That fewer men are considering marriage, or even attendance at college, is in no small part an unintended consequence of what was originally offered with good intentions. We do know that quite often the road to Hell is paved with good intentions, don’t we?

    The ad industry’s misguided prejudice should drive women to consider how they would react if the tables were turned. Women–the power that drives advertisers to unleash their arrogant bigotry–need a serious self-examination: what kind of impact would institutionalized hatred have on their young boys OR young girls, watching the same message, packaged separately by a variety of advertisers, for hours each day, 365 days a year for many years running?

    Women have earned a lot of power and influence over the years. After the chuckling has subsided, women need to step up–woman up?–and grab ALL forms of prejudice by the horns and command it to change…as men apparently USED to do. For example, if women had no right to vote, who bestowed it upon them? Just as men favored equality for women, women really need to get it in gear—look how women impacted the recent USA presidential election. To quote the dumb-Cajun-male portrayed by Rob Schneider in “The Waterboy,” “You can do it!”

  4. Avatar
    Ro Gal says:

    I’ve been boycotting companies that bash white males for years now. I changed from GEICO to USAA, I use UPS instead of FedEx, I chose the lesser evil of AT&T over Verizon, and the list goes on. Now my wife and 2 brothers do the same. Eventually we’ll impact them. Keep on keeping on!

  5. Avatar
    Kate Houston says:

    Great article and a lot of good feedback. I’ll be linking to this article from my own blog – I’m a female ad writer who also writes online dating profiles. As such, this subject interests me on many levels. The blog will be (I’m in the midst of writing it) titled, Are men the new dumb blonds. Thank you so much for this!

  6. Avatar
    Michael Pollack says:

    After several years of talking my friends ears off about this subject and sounding like a bitter man…I found your site and this trend never stops and it definitely leads to women believing it is ok to treat men like this. Here are a few more commercials for you. Chase add using points to send her husband to rock camp. Boy wants a dog and creates a video to show parents and then husband does same thing to play golf on Sunday and wife rolls eyes at him. New McDonald add for shamrock shake man comes home to jealous wife demanding to know where he has been.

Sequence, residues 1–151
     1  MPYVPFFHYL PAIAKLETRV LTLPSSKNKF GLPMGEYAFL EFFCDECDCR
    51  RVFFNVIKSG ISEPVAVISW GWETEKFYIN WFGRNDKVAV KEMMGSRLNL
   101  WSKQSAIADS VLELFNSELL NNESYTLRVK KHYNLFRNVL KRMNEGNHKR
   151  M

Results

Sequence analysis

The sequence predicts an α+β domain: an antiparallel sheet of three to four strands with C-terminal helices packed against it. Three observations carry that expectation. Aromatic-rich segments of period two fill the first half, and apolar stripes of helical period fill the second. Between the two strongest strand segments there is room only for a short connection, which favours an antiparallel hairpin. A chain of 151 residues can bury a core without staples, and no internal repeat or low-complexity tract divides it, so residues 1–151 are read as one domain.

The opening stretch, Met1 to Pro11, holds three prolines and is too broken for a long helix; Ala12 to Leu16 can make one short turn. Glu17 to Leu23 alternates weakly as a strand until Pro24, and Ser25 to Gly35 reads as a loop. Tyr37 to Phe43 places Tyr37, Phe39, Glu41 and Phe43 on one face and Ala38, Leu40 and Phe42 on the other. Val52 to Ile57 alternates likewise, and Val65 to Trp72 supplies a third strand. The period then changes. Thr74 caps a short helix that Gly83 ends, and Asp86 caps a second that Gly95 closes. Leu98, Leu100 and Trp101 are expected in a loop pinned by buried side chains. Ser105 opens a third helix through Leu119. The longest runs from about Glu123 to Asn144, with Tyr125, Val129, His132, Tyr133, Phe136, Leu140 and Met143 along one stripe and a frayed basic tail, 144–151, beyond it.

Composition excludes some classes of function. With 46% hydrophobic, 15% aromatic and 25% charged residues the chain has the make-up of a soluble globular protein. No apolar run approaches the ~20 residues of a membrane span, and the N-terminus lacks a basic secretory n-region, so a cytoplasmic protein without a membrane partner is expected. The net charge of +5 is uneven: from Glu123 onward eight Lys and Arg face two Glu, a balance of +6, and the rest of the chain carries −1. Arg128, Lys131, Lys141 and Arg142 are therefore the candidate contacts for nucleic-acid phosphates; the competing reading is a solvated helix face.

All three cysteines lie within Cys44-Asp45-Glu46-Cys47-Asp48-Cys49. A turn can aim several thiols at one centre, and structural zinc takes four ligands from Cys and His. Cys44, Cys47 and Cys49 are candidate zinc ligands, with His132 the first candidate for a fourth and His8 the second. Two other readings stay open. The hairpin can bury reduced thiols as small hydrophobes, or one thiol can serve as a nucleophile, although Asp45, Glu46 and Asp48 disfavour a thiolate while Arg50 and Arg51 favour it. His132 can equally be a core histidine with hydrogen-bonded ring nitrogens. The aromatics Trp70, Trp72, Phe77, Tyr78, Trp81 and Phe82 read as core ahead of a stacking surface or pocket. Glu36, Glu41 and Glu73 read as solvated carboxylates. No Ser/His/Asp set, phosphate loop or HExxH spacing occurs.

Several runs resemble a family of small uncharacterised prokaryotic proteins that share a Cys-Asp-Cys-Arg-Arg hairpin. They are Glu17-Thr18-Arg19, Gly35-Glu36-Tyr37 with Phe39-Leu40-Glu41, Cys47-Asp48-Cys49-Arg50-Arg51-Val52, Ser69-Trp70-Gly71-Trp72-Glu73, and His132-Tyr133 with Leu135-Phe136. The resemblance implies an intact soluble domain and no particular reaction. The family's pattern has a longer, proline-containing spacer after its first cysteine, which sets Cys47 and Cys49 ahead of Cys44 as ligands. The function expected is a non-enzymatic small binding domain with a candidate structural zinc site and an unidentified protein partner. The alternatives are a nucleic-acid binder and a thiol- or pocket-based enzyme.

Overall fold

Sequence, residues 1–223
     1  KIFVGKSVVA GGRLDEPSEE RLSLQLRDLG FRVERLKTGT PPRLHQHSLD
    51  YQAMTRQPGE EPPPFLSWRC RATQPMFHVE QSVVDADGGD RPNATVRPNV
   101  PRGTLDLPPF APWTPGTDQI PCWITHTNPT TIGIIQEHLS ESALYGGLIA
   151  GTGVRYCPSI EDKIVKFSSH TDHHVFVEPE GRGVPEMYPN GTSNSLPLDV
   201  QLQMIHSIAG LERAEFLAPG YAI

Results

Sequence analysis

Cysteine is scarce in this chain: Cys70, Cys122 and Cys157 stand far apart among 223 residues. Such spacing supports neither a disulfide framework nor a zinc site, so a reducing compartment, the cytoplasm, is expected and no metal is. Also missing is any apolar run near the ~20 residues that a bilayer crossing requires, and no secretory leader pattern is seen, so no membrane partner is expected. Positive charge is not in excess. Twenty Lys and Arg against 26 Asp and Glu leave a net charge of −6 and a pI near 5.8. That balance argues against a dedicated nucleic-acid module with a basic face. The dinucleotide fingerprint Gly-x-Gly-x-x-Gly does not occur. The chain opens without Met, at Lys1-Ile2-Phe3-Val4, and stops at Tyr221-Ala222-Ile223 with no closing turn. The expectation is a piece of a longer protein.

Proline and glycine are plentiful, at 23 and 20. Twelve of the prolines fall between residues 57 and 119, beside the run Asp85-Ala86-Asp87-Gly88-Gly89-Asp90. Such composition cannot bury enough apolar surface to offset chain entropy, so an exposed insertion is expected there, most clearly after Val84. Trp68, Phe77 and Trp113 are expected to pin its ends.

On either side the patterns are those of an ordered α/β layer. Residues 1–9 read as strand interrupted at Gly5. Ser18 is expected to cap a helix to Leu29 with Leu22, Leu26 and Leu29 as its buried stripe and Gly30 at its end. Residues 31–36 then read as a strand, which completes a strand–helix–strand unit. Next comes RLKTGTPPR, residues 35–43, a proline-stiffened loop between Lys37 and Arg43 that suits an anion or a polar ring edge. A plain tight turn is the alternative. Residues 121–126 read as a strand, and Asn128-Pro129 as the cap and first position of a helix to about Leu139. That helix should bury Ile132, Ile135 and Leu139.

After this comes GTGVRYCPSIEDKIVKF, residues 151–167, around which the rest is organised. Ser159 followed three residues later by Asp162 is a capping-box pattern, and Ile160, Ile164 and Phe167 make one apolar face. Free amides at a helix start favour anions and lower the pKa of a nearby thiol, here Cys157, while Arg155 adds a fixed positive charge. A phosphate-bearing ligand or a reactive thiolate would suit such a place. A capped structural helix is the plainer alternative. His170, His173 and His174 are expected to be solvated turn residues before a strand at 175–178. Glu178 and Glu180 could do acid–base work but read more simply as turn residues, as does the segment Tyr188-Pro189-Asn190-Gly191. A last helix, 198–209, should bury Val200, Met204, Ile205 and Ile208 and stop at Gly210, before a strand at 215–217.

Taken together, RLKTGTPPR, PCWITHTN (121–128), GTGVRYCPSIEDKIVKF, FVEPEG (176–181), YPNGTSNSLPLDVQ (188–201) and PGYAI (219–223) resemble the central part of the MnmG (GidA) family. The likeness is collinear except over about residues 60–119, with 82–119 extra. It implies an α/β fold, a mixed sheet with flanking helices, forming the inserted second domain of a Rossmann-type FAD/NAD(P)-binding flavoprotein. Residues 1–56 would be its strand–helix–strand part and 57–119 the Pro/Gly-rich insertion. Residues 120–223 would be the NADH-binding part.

I am tired of the “yes dear” husbands in commercials It really upsets me. I am proud of the guy who boycotted Huggies when they showed men as idiots who could not change diapers…maybe we can do the same to McDonald’s chase and the countless others

  7. Avatar
    Russ Stauffer says:

    Thanks for this well balanced analysis of what has become the norm in TV . One wonders if the current trends of boys having worsened scholastic achievements and less professional aspiration is related to the flood of negative male tv roles. Even more alarming, I’ve noticed a clear blind spot when I ask women what they think of the feckless Male roles dominating TV ads. The most common response I’ve seen has been “what in the world are you talking about?”.

    I’m not against laughing at human foibles. Humor is a wonderful thing and a potent sales tool. But I am sad to see the effects and backlash that the feckless TV male has contributed to.

    The world is still mostly run by males, usually white – a huge imbalance in my view. Maybe these commercials are payback. But they won’t help truly change society to become more truly equal. instead, they appeal to the same base motives already inflamed by talk radio, polarized politics etc.

  8. Avatar
    Gene says:

    I agree with you completely. I’ve watched this trend for more years than I wish I had, and it’s not only accelerating, it’s worsening. By that, I mean the frequency of this type of portrayal is increasing as well as making the man/dad more profoundly incapable. What these advertisers forget is that they are alienating a substantial number of the fifteen percent of the male buyers and even some of the females. I can only hope for a backlash one day

  9. Avatar
    Jennifer Rodriguez says:

    Hi Patrick, I would like to point out another unintended consequence of the media portraying men in this fashion.